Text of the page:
Justice Ademola Asks NJC to Allow Him to Resume Sitting


By Tobi Soniyi  

A judge of the Federal High Court, Justice Adeniyi Ademola who was recently discharged of corruption charges has written to the Chief Justice of Nigeria (CJN) and Chairman of the National Judicial Council (NJC), Justice Walter Onnoghen, asking that he be allowed to return to work.

A source at the NJC informed THISDAY that the letter to the CJN, titled,  ‘Re: Request for the Suspension of indicted Judicial Officers,’ was routed through the Chief Judge of the Federal High Court, Justice Ibrahim Auta recently.

The source said the CJN was yet to take a decision on the letter, but may be waiting for a meeting of the NJC where it will be tabled for the council’s consideration.

Justice Ademola was one of seven judges whose residences were raided and subsequently arrested by operatives of the Department of State Services (DSS) last October for alleged corruption.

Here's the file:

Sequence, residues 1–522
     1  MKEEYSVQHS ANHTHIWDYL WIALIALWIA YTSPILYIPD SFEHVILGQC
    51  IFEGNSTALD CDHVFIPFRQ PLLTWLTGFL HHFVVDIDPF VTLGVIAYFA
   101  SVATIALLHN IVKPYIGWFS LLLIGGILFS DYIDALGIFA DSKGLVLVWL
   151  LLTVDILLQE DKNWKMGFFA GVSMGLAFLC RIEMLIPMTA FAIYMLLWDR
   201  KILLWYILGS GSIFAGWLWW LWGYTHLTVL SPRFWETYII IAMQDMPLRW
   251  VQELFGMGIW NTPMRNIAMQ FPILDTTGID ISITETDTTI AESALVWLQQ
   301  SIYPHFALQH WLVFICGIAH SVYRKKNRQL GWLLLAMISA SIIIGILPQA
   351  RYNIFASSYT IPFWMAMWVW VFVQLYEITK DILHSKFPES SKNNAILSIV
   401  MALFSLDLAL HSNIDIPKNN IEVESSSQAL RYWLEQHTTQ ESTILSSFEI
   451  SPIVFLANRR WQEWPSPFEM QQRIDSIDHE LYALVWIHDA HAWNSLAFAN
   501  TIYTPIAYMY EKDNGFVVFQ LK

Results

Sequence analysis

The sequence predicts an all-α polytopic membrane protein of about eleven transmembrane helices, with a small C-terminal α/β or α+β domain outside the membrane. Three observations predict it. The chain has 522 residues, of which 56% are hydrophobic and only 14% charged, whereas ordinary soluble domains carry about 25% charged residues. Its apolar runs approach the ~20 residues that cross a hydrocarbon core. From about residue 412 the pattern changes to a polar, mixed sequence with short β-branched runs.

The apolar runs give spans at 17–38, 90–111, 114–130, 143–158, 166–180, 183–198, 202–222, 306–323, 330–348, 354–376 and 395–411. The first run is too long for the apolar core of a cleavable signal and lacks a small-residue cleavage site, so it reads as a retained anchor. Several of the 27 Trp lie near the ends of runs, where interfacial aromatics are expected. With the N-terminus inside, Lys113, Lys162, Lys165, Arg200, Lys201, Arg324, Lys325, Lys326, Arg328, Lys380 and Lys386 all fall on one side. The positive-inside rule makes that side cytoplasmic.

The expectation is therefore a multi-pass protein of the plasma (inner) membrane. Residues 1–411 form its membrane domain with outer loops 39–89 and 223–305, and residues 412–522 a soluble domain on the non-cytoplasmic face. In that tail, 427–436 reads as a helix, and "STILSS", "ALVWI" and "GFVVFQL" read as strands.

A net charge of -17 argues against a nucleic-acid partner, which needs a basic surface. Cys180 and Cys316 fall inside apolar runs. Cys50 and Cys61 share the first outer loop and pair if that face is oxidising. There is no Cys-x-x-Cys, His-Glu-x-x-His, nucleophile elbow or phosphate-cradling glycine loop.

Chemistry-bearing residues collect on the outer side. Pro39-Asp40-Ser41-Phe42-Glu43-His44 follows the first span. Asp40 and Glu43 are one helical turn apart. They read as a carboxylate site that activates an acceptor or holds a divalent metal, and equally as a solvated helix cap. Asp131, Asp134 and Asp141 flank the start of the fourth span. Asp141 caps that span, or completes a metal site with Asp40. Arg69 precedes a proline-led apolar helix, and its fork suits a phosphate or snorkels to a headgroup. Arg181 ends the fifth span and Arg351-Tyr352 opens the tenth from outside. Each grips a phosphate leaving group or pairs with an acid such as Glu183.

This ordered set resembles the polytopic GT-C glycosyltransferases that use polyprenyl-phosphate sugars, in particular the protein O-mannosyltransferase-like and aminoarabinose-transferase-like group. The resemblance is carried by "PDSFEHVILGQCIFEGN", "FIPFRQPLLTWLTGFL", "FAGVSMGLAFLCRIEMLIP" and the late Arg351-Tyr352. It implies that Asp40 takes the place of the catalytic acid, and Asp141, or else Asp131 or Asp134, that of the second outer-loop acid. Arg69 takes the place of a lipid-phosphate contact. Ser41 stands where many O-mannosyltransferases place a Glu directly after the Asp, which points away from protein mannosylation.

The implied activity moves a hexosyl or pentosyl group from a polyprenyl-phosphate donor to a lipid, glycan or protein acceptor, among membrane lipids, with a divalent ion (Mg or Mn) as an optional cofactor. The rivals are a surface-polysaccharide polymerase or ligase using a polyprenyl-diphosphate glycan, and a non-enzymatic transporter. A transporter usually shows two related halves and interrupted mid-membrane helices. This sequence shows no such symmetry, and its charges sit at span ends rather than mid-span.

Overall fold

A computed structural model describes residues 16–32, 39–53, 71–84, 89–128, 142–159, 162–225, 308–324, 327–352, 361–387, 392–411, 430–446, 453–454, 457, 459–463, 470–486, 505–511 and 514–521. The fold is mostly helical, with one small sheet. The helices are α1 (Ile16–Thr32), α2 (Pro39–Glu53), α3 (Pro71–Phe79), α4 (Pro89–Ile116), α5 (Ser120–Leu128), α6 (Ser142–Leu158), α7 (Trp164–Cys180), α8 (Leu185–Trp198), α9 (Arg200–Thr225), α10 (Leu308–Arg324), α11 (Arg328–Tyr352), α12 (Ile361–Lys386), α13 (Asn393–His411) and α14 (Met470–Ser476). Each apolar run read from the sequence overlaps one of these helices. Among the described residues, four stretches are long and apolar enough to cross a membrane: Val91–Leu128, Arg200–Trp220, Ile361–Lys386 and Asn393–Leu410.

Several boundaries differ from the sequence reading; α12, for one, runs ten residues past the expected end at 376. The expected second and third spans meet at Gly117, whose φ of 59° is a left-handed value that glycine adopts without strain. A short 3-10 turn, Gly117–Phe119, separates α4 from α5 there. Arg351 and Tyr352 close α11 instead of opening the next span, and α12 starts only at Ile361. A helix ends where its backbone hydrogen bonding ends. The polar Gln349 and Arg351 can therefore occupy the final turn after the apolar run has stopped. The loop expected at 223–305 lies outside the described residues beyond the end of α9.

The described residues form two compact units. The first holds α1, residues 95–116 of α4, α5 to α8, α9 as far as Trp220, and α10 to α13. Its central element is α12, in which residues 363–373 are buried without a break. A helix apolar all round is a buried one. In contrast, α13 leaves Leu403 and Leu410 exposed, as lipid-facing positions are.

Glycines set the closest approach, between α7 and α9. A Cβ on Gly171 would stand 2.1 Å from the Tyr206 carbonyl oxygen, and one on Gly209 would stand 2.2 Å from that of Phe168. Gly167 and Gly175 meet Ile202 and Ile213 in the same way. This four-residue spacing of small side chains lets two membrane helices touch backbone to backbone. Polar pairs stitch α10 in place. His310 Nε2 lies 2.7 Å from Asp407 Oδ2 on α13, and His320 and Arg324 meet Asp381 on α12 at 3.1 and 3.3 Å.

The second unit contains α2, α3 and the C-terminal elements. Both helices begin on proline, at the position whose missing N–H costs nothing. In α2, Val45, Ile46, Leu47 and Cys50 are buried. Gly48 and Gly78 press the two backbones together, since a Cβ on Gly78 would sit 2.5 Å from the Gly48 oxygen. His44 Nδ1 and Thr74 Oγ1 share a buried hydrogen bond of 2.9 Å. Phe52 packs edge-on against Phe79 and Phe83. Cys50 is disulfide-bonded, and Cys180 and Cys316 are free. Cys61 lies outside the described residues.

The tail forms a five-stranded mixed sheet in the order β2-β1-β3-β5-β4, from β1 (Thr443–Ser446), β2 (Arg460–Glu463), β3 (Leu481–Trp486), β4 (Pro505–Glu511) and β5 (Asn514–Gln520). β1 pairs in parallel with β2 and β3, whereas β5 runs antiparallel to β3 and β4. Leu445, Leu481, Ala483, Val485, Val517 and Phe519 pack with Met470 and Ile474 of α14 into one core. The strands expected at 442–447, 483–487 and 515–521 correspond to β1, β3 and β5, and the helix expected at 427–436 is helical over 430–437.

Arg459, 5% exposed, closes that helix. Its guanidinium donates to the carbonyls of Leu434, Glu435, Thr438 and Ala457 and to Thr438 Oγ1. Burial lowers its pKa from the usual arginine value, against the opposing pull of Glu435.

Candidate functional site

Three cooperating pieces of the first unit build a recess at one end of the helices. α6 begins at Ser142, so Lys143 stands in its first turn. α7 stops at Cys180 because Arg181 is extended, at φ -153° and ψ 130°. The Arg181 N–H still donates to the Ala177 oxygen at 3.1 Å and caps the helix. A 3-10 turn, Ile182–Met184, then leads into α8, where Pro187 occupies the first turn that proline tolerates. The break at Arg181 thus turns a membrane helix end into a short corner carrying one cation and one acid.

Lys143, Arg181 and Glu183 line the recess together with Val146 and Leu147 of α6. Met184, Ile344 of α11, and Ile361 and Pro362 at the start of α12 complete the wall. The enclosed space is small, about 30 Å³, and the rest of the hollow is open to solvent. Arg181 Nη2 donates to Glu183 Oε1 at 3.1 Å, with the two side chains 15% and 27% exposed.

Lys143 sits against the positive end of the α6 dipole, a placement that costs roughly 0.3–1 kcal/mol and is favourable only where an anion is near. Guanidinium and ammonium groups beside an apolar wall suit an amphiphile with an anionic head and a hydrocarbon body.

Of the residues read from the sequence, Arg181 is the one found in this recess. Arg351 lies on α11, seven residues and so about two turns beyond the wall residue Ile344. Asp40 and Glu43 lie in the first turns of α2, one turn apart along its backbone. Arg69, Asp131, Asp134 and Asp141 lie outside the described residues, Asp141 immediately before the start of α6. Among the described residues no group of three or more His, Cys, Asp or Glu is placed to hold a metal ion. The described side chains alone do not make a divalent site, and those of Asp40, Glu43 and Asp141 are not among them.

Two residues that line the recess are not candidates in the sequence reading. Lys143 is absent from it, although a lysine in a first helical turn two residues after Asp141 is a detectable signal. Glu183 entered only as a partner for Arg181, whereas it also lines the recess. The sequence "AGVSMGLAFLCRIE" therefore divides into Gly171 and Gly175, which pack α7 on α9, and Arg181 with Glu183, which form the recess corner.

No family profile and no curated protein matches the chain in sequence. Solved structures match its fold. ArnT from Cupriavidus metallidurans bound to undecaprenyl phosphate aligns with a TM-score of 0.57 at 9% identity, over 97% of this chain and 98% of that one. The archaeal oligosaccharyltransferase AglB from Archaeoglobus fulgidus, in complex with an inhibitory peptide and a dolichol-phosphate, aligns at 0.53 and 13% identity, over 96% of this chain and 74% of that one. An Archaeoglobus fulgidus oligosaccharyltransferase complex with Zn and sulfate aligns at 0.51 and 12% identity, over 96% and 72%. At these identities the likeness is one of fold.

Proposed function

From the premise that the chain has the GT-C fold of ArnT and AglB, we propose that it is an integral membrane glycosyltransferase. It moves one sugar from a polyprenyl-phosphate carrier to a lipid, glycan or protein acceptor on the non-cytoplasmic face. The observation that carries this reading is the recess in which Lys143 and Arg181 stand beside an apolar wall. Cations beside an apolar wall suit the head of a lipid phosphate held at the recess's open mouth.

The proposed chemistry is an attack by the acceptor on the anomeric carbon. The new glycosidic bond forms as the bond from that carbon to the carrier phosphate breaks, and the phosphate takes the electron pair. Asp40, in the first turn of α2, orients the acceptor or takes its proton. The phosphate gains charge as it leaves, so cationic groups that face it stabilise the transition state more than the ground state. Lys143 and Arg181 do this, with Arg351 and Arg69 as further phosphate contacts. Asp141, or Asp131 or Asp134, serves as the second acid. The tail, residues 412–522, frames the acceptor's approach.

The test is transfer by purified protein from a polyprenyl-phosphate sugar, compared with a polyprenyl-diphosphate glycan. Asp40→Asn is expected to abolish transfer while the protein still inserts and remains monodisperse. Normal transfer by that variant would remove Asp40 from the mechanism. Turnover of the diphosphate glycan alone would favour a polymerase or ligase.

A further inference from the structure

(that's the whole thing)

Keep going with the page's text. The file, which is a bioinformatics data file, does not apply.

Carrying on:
The judges, save for Justice Inyang Okoro of the Supreme Court, were then arraigned by the federal government on various corruption charges.

However, before their arraignment, the NJC, bowing to public pressure, had asked Justice Ademola and two other judges to stop presiding over cases until they had been cleared of the corruption allegations.

But on April 5th, Justice Jude Okeke of the Abuja High Court discharged Ademola, his wife, Olabowale and Joe Agi (SAN) who were charged with receiving gratification, diversion of huge sums of money, and illegal possession of firearms.

After the prosecution led its evidence, the accused persons raised a no case submission which was upheld by the trial judge.

The judge had said that the case was built on high-level suspicion and speculation, adding that it was not his job as a judge to speculate.

Following his discharge, Justice Ademola, THISDAY learnt, wrote to the CJN to allow him to resume sitting.

It is uncertain if the NJC’s delay in taking a decision on Justice Ademola’s letter has arisen from government’s move to appeal his acquittal by the court.